The next few releases consisted primarily of archival material. You Get What You Deserve (1985) combines Atom Bomb Baby, Demolition Derby, and the B-side from “You Only Live Twice” (“If It’s the Last Thing I Do”), and Heading for a Trauma combines four new songs with Demolition Derby, a few older singles, and a radio session. Drummer Rixon and Sujdovic (whose visa had expired) had since left the band (Rixon would die in 1993 of drug-related causes). Rubber Never Sleeps, a tape-only release consisting of live material (from 1978-1983), came next. Then Weird Love (1986) was re-recorded as a three-piece (with Leanne Chock replacing Rixon) along with “Nitro” from the This Heart EP and the original version of “You Only Live Twice.” It was the first Scientists recording to be released in the United States and Big Time did the honors. (The label would also release recordings by the Hoodoo Gurus and the Lime Spiders in the U.S.)
Scientists spent much of this time touring Europe with Alex Chilton, the Gun Club, the Jesus and Mary Chain, Alan Vega (from Suicide), and others. Their next full-length, The Human Jukebox (1987), consisted of new material, but only Salmon and Tony Thewlis now remained from the lineup that had come from Sydney (they were joined by Nick Combe). It was the beginning of the end. Scientists broke up that year, and Salmon moved back to Perth. Gone, but not forgotten, Scientists’ excellent cover of Captain Beefheart’s “Clear Spot” would be included on the 1988 tribute release, Fast ‘n’ Bulbous.
Although Scientists had called it quits, the irrepressible Kim Salmon most certainly had not. He would go on to form a new, somewhat similar group that year, Kim Salmon and the Surrealists, which would incorporate soul and funk into the mix. Throughout his career with the Scientists and the bands to come, Salmon had also been involved with the Beasts of Bourbon ? basically Tex Perkins’ brainchild ? (as guitarist and lyricist) from 1983 until the end of 1993 (ex-Scientist Sujdovic was a member as well). Salmon’s other projects have included Salamander Jim (again with Perkins), Kim Salmon’s Human Jukebox, Kim Salmon’s STM, Kim Salmon and the Business (an extension of the Surrealists; similar approach, different lineup), and Antenna (a techno-pop project with old Perth-mate Dave Faulkner). He has even worked as a solo artist on occasion (as with the single, “Lightning Scary”), but appears to prefer a group dynamic.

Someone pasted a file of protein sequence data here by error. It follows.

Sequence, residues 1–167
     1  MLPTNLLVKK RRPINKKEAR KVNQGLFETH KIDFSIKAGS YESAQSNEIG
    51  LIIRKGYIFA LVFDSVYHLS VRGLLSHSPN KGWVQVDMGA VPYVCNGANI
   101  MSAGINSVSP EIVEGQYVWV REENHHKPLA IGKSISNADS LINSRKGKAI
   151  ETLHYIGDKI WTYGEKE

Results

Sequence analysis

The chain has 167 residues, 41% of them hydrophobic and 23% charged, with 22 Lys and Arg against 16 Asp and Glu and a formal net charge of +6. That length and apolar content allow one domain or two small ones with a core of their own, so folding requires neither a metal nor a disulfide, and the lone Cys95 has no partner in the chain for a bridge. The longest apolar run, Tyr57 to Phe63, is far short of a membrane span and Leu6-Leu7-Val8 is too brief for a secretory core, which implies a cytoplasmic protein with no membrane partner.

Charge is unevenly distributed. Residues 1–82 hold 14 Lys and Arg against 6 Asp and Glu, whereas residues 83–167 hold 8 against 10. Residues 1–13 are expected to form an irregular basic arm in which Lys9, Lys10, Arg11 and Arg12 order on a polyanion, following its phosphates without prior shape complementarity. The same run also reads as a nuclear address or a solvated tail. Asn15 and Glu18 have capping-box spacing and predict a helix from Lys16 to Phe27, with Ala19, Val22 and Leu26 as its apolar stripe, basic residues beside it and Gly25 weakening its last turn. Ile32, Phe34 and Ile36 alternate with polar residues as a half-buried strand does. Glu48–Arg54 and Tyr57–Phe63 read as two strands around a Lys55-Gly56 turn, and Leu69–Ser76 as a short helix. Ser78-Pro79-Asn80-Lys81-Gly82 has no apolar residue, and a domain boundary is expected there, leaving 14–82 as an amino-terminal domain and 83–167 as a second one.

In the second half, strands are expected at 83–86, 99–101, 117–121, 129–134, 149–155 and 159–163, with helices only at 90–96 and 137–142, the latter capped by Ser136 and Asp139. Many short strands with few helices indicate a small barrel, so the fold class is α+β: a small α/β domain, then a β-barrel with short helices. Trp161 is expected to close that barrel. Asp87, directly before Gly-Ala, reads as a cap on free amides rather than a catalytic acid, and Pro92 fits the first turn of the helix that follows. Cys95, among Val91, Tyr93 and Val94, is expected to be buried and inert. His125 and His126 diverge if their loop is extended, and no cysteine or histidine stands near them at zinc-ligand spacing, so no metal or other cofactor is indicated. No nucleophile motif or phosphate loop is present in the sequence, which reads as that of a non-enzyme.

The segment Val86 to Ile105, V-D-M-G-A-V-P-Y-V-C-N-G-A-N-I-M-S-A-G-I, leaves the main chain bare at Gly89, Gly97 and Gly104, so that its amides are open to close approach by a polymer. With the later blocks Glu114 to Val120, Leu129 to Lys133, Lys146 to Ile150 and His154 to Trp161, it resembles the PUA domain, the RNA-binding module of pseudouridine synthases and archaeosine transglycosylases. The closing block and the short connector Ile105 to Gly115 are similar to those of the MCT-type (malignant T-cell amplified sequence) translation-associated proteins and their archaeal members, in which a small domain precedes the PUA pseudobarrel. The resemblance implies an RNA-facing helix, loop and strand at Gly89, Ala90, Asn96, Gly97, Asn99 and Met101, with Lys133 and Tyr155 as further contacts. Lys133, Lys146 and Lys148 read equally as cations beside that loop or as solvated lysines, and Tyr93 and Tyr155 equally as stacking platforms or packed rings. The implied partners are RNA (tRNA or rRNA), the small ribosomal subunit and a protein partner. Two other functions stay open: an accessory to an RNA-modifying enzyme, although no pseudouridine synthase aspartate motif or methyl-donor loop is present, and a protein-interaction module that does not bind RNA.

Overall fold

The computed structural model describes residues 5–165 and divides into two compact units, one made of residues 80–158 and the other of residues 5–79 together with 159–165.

No matter what he may do next, Kim Salmon will always be ? or certainly always should be ? remembered for the musical ground he broke with the Scientists. At their best they were so far ahead of their time, they transcended the very notion. The proto-grunge they were cooking up in the late ’70s/early ’80s prefigured the music Sonic Youth, the Spacemen 3, and the Jon Spencer Blues Explosion would be cranking out a decade later. In 1993, they received their own tribute compilation in the form of Set It on Fire!, which featured covers by Mudhoney and the Laughing Hyenas. Mudhoney would even perform a live version of “We Had Love” with Salmon in Australia. Henry Rollins, whose group the Rollins Band has toured with him, has gone so far as to declare the man a “national treasure.” It only seemed right and natural when Sub Pop released the Scientists compilation, Absolute, with material hand-picked by the band, in 1991. A debt had been paid, and America had another chance to discover what Australia had known for a long time (Sub Pop’s release of the compilation, The Essential Radio Birdman: 1974-1978, in 2001 would help to right a similar wrong).